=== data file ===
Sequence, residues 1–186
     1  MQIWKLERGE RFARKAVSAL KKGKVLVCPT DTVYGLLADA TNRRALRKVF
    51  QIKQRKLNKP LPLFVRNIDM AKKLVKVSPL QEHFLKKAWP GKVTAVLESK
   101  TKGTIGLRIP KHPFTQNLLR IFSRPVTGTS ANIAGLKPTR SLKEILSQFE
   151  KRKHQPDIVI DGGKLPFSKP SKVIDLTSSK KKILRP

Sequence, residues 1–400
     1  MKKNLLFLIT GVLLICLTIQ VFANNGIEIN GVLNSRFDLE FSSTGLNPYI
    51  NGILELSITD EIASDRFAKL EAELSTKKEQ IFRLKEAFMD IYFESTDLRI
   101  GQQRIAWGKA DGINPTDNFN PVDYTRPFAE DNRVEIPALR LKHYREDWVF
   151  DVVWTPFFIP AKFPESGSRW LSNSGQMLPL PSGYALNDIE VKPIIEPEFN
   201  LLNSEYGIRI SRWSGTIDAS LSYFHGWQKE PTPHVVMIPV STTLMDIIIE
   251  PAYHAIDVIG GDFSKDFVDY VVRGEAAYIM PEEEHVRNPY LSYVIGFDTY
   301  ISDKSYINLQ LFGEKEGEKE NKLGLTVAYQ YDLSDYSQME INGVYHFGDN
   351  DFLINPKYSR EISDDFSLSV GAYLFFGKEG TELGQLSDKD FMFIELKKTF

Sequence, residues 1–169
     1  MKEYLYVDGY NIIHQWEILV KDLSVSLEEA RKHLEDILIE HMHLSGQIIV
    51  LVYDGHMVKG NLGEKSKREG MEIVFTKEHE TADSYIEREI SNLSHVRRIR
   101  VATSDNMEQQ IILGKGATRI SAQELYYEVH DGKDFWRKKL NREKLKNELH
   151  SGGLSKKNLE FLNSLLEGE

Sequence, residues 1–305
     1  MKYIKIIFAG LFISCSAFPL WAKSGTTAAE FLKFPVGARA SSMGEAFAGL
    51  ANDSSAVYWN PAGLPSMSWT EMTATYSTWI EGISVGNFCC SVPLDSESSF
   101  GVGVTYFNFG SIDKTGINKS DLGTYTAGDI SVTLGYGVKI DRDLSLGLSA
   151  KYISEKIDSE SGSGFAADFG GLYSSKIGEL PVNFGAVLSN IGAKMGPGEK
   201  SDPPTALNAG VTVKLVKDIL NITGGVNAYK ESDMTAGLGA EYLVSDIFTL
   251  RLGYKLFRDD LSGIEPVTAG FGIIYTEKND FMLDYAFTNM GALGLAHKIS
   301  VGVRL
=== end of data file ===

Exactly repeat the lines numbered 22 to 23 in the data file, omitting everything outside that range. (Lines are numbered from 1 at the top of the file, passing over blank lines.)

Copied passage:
    51  ANDSSAVYWN PAGLPSMSWT EMTATYSTWI EGISVGNFCC SVPLDSESSF
   101  GVGVTYFNFG SIDKTGINKS DLGTYTAGDI SVTLGYGVKI DRDLSLGLSA